A pharmacist holds the anti-parasite drug ivermectin in Santa Cruz, Bolivia, May 19, 2020. Photo: Reuters/Rodrigo Urzagasti
New Delhi: Drugs such as ivermectin, hydroxychloroquine, favipiravir and antibiotics like doxycycline and azithromycin prescribed for adult COVID-19 patients have not been recommended for treating children, according to a government guideline issued on June 16.
In anticipation of likely intermittent surges in the number of COVID-19 cases, the government has come out with guidelines for operationalising COVID-care services for children.
The recommendations include augmenting existing COVID-19 care facilities to provide care to children with acute coronavirus infection.
According to it, once vaccines are approved for children, those with comorbid conditions having more severe manifestations of COVID-19 and poorer outcomes should be a priority group for immunisation.
About the treatment of children, the guidelines by the Union Health Ministry said most drugs used in adults such as ivermectin, hydroxychloroquine, favipiravir and antibiotics such as doxycycline or azithromycin have not been tested on children for prevention or treatment of COVID-19 infection among them.
“Therefore, these are not recommended in children.”
The guidelines stated it is anticipated that there may be intermittent surges in the number of novel coronavirus cases.
“A combined effort from the private and public sector is needed to handle any surge (in cases) in the future after the withdrawal of the lockdown, school reopening or as a third wave over the next three to four months. The basic principles of equity and dignity of care should be followed,” it said.
The guidelines said estimates for additional bed capacity for paediatric care may be calculated based on peak daily cases in different districts during the second wave of the COVID-19 infections.
From this, projections for paediatric cases and the number of admissions required can be derived, it said.
“It is desirable to augment the existing COVID-care facilities to provide care to children with acute COVID-19. This will need additional paediatric-specific equipment, infrastructure and paediatric formulations.
“Also, an adequate number of trained manpower – both doctors and nurses – should be provided. The health authorities should initiate capacity building programmes for appropriate paediatric care. In standalone paediatric hospitals, separate arrangements, for example, separate beds for paediatric COVID care need to be set up,” the guidelines said.
It is desirable to designate specific areas in the COVID-19 facilities for paediatric care and parents should be allowed to accompany the child there.
“For children with Multisystem Inflammatory Syndrome who test negative for acute COVID-19, care has to be provided by the existing paediatric facilities. These facilities also need augmentation especially HDU and ICU services,” it said.
The document provides guidance about additional requirements for infrastructure, equipment and manpower.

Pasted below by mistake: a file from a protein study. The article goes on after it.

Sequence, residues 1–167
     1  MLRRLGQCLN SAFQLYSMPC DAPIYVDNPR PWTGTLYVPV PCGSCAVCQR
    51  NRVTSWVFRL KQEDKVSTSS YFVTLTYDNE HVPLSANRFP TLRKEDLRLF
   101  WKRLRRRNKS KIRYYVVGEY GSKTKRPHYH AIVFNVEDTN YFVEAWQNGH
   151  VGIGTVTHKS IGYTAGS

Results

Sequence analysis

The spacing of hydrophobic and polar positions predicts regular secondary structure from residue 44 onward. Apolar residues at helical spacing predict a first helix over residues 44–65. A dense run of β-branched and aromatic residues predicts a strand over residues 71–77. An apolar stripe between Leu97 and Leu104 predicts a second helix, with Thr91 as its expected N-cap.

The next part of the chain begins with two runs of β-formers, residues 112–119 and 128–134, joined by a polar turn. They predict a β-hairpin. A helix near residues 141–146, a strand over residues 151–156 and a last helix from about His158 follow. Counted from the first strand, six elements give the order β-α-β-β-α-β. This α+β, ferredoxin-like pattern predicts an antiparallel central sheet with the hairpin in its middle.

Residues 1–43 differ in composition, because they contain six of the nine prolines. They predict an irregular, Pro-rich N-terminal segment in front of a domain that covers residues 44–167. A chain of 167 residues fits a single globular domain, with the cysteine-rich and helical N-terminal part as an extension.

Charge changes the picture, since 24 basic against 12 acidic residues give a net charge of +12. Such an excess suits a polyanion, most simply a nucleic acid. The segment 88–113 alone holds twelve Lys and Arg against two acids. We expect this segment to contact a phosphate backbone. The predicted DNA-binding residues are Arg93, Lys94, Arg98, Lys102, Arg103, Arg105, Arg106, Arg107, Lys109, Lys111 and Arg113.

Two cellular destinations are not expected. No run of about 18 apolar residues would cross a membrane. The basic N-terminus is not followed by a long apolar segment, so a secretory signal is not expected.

Noting that a majority of children have asymptomatic or mild illness and can be managed at home by parents, it said treatment for symptomatic patients include paracetamol for fever and monitoring conditions such as measuring respiratory rates, difficulty in respiration, oral intake and oxygen saturation.
“In a community setting, ASHA and MPW should be involved for management of children at home and also monitor to assess the need for referral and admission,” the guidelines said.
The document stressed on imparting training to community health workers for picking up the red flag signs. Also, all stakeholders, including the community, should be educated by the information education communication.
For improving the quality of care and for capacity building, the guidelines recommended hand-holding of district hospitals and other facilities by medical colleges.
“A few centres may be designated as regional centres of excellence for COVID-19 care and research. These centres can provide leadership in clinical management and training. Telemedicine could be harnessed for reaching out to a large number of facilities,” it said.
To ensure data collection at all levels and transmission from community to higher centres, the document recommended that a national registry be launched for paediatric COVID-19.
“There is a need to encourage and facilitate research in the area of paediatric COVID-19 and this could cover various aspects of management. Similarly, issues of optimal treatment for MIS-C need to be addressed by clinical trials, such as comparison of low dose with high doses steroids, comparison of steroids with IVIG and others,” it added.
The guidelines said that based on sero-surveillance reports, COVID-19 infection in children above 10 years of age occurs in a similar frequency to that of adults, even though among the confirmed cases less than 12 per cent are individuals less than 20 years of age.
“Children have less severe disease than adults. In the majority, the infection is asymptomatic or mildly symptomatic. It is uncommon to have moderate to severe COVID-19 among healthy children,” it noted.